Fueling Canada’s Path to Net-Zero Emissions

Canada's Clean Fuels Standard, along with its net-zero emissions goal, remind us that the most effective climate policies are, at their core, investment policies. To succeed, they must support the essential role of biofuels in emissions reduction.
By Andrea Kent | February 11, 2021

Equal parts political opportunity and mammoth challenge, climate change has been the crux of Canada’s policy agenda since Prime Minister Justin Trudeau signed the Paris Agreement in 2016. At the signing, Trudeau enthusiastically vowed Canada would “harness the power of renewable energy as a way of reducing greenhouse gas emissions.” His government has been working to make that promise a reality ever since.

Last December, Canada added to this commitment and joined a growing list of countries pledging to achieve carbon neutrality in emissions, or “net-zero” by 2050. This, despite the fact Canada is the 10th-largest GHG emitter globally.

So, how can Canada, with emissions that increased 20% between 1990 and 2018, expect to reach its emissions targets by 2030, let alone net-zero by 2050? The short answer is by using cleaner transportation fuel—a lot more of it.

Thirty percent of Canada’s overall GHG emissions come from transportation, a figure similar to the United States’. Governments now realize that climate policy must also be transportation policy and vice versa. Today, a growing suite of regulations seeks to measure fuel not in liters or gallons, but by its carbon intensity and ability to reduce emissions. Canada’s new Clean Fuel Standard is the latest example, and its successful execution is critical to reaching net-zero.

The CFS was announced in 2016, and the draft regulation was published in December 2020 with a 75-day consultation period. If adopted, the CFS will replace Canada’s current national blending mandate and would come into force at the end of 2022. The federal 5% minimum ethanol blend requirement will be carried forward in the CFS.

Under the proposed CFS, producers and distributors of fossil fuels would have to reduce the carbon content of products like gasoline and diesel by 2.6% by 2022, scaling up to a 13% carbon reduction by 2030. Carbon intensity is measured on a full life-cycle basis, so fuel suppliers can meet the obligations by lowering the carbon emissions at the crude oil refinery, or through increased biofuels blending, or through creating other low-carbon options for consumers. The CFS will also create a credit trading scheme, where fuel suppliers that are not meeting carbon intensity reduction requirements can buy credits generated by companies with excess credits through producing fuels that are even cleaner than the minimum standard in the CFS. If it works as intended, the CFS will cut carbon emissions, spur investment in clean-energy technology and see higher biofuels-blending levels.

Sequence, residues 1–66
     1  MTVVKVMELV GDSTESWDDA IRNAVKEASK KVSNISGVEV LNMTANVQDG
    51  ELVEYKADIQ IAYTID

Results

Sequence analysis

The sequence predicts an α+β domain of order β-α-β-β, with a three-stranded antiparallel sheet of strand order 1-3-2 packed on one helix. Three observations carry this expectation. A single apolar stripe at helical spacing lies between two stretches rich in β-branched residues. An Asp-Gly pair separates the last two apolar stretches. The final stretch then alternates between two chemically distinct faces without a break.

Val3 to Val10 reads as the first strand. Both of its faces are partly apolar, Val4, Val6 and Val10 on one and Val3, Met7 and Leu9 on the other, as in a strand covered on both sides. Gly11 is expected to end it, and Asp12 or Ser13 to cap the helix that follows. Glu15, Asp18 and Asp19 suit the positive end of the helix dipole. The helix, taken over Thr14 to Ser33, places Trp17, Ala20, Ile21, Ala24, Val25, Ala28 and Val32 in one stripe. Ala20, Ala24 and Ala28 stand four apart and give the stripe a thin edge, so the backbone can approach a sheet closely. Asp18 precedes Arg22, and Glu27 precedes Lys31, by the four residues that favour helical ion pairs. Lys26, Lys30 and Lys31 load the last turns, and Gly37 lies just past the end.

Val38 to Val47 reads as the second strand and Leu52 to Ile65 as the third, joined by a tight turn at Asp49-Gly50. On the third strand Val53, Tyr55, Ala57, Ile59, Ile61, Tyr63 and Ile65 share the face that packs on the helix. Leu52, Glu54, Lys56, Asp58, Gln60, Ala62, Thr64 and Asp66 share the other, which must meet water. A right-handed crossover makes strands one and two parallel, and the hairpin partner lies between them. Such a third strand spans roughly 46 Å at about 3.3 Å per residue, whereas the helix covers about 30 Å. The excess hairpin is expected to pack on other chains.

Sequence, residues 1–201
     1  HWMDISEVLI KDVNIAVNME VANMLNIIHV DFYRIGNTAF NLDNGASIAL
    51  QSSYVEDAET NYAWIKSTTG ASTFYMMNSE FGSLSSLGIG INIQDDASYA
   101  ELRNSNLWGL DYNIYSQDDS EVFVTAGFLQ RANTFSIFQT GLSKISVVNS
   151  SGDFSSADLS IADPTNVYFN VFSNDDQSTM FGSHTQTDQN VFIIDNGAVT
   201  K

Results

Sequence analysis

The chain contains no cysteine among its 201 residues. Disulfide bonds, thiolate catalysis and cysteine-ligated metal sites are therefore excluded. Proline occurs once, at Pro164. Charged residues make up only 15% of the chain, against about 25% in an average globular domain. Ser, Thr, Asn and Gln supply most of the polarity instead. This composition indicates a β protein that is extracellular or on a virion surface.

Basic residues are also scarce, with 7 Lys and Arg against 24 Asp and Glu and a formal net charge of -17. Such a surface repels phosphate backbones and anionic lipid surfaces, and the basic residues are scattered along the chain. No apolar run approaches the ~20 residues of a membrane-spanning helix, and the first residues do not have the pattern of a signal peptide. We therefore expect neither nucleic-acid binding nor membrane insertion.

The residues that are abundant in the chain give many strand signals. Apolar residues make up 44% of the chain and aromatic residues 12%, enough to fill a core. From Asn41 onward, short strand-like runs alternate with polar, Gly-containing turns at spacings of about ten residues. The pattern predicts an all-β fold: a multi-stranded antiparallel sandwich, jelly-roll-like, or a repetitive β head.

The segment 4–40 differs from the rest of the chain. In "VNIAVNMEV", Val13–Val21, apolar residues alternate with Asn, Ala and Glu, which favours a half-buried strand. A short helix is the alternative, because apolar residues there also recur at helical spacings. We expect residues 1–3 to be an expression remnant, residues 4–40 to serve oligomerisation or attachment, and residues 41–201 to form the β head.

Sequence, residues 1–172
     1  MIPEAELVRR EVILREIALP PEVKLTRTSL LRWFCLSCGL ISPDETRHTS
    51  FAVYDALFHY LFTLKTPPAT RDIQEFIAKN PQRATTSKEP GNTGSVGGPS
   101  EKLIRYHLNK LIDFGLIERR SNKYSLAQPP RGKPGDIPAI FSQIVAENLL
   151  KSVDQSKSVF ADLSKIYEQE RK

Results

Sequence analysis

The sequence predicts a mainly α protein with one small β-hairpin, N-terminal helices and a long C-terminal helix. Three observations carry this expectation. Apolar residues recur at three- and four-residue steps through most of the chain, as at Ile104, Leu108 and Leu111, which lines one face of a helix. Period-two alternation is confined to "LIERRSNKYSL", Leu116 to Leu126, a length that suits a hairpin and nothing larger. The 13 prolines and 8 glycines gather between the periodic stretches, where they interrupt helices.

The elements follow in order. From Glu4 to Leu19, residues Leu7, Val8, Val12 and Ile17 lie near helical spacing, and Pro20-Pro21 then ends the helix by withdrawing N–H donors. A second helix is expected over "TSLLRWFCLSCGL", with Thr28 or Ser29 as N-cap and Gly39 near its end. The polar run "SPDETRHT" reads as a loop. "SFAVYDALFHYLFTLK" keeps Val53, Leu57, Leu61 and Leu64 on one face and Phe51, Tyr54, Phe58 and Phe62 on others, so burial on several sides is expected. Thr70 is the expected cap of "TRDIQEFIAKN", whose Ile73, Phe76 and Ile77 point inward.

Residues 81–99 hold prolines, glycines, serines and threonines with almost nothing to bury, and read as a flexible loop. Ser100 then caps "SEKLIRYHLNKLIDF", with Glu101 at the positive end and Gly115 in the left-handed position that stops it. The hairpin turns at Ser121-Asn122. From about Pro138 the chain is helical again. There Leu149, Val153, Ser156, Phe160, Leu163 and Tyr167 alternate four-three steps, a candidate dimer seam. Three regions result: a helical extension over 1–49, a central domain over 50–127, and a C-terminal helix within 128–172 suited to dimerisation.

Like other low-carbon fuel standards, the CFS will require more stringent reductions in carbon intensity over time. For the policy to work, the market needs robust renewable fuel production and obligated parties need available and affordable low-carbon alternatives to petroleum. Ethanol comes in strong on both counts. Under the CFS, the government projects an additional 2.8 billion liters (nearly 740 million gallons) of ethanol demand in 2030. This projection complements higher ethanol blending requirements in some provinces also coming online in 2030, like in Ontario.

The final CFS regulation will be published later this year. Some important details remain to be seen, but overall, the CFS shows positive signs of aligning Canada’s renewable fuels industry and international trade goals and obligations with the U.S. Our industry also continues to advocate for parameters that would ensure ethanol producers and grain growers continue to see the economic benefits of their process improvements, innovations and efforts to reduce their own carbon footprints.

While policies like the CFS and net-zero emissions are “new” to some, they still ring true for renewable fuel producers. Like the first ethanol RFS, they confirm that the most effective climate policies are, at their core, investment policies. And second, to succeed, they need to situate biofuels as an essential pathway to emissions reductions and creating a robust, resilient—and ultimately, net-zero—economy.


Author: Andrea Kent
Board Member, Renewable
Industries Canada
Vice President of Government and Public Relations, Greenfield Global